Trustworthy: Vaccines have earned that title
The confirmation of 83 cases of measles in Ohio this month and the recent quick diagnosis of a 19-month-old with measles in Minneapolis, Minnesota’s first case of measles this year, brought a timely reminder that the potentially deadly virus has not been eradicated and of the importance of vaccination. Having just wrapped World Immunization Week and National Infant Immunization Week, the importance of immunization is as great as ever.
In fact, the U.S. Centers for Disease Control and Prevention reported today that the 288 cases of measles in the country so far this year are the highest since 2000. The number of cases reported this year is the highest for the first five months of a year since 1994.
I worry that the numbers are a sign of growing credibility for a small band of celebrities and others who have thrown up an online smoke screen of fear of vaccines against measles, whooping cough and other common childhood diseases.
If even a relatively small percentage of Americans buy into this criticism, it would be disastrous. Measles, one of the most contagious airborne diseases, can be extremely serious, leading in rare cases to pneumonia and fatal brain infections. Infants too young to be vaccinated particularly are at risk.
We’re fortunate that the child in Minnesota, who actually had one of two measles shots and apparently contracted the disease during a visit to India, was diagnosed within minutes at Children’s – Minneapolis. Because the alert medical team picked up the symptoms so quickly, only 16 potentially exposed people had to be notified after the child was quarantined.
Three years ago, as many as 700 contacts had to be reached for some patients during an outbreak at Children’s.
What’s most frustrating is that it’s all so unnecessary.
The virus hasn’t changed all that much. It’s not like the HIV virus, constantly mutating. No; with measles the culprit purely is social – a breakdown in trust of medical experts whose longtime vaccine advocacy made measles and other common childhood infections a footnote.
Fear-mongering online vaccine critics are not winning, in a classical political sense. Thankfully, more than 90 percent of parents still trust their health care providers and nationally recommended vaccines. If they didn’t, we would see frequent headlines about deaths from measles, whooping cough and other diseases.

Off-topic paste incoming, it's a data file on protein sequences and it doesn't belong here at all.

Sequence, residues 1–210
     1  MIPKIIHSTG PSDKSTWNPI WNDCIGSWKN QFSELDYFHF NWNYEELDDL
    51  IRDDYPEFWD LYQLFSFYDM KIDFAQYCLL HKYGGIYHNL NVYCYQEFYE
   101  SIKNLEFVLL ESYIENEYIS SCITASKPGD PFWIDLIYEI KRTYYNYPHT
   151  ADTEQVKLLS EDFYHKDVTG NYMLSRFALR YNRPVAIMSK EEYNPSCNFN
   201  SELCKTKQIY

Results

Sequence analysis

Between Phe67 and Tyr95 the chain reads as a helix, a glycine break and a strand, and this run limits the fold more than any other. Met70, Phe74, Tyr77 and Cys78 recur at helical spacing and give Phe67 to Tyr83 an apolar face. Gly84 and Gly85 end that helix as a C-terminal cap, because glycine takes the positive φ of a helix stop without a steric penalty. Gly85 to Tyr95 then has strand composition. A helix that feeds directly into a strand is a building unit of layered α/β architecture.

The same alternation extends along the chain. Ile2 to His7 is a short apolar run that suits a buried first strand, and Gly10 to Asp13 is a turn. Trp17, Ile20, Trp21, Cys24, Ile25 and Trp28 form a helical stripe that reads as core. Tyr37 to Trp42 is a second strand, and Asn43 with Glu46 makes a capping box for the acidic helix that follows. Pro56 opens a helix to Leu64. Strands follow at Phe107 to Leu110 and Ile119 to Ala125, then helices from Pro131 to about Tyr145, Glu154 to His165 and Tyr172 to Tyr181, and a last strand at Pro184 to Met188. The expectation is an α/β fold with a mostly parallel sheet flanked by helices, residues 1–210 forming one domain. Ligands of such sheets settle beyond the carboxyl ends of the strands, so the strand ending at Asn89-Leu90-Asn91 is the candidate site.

However, the remaining 10 percent of parents are hesitant, have vague fears and wonder who to trust. They routinely hear or read vehement vaccine bashing in social media circles, which feeds fear and denial – and new outbreaks. New York City and Orange County, Calif., currently are dealing with measles outbreaks.
Measles is so highly contagious that just passing through a clinic waiting room two hours after someone with measles has been there can expose an unvaccinated newborn, which may be devastating.
We all must protect the vulnerable in our community by forming a protective barrier of our own vaccination. That’s a simple point seemingly lost on the peddlers of myth and pseudoscience who have infected too many parents with baseless fear of vaccines that protect their own children and the community at large.
Parents should trust health care professionals who urge vaccination on schedule. At Children’s, we speak from experience. We have seen children die or become permanently impaired from vaccine-preventable disease. Ask our specialists how many unvaccinated, critically ill children they have cared for, and they would answer “too many to count.” And how many they’ve seen with severe vaccine side effect? You’ll get a blank stare, or “I don’t recall any; maybe one at most.”
We have seen children with measles on a ventilator, fighting for their lives. That’s a bitter sight when you recognize that two doses of measles-mumps-rubella vaccine will prevent measles in 99 percent of those vaccinated. There’s no contest between the benefits of vaccines and their extremely rare risks.
Before the measles vaccine was developed in the 1960s, there were 2.6 million measles-related deaths per year worldwide. In 2012, that number was down to 122,000, mostly in children younger than 5 in parts of the world where vaccines are scarce or their parents refuse to allow vaccination. The point is that we can’t afford to let our guard down in the U.S. or elsewhere. In a global society measles is a mere plane ride away for the unprotected.
The safe, effective and trustworthy action for infants, children, adolescents and adults is to get vaccinated on time for all recommended vaccine-preventable diseases.
Aside from sanitary drinking water, vaccines remain the safest, most-life-saving medical intervention we have to protect our children.
Patsy Stinchfield, PNP, is the director of infectious disease and prevention and the Children’s Immunization Project at Children’s Hospitals and Clinics of Minnesota.